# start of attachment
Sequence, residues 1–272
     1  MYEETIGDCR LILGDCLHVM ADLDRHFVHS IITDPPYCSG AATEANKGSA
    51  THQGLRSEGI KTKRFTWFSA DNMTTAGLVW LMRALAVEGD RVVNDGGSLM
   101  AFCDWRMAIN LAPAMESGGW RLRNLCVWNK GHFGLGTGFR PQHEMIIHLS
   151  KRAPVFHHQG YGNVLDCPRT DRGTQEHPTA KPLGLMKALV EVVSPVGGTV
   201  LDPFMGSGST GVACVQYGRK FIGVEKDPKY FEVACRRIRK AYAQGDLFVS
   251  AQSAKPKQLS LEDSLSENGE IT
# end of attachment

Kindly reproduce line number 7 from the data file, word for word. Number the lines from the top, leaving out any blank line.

   251  AQSAKPKQLS LEDSLSENGE IT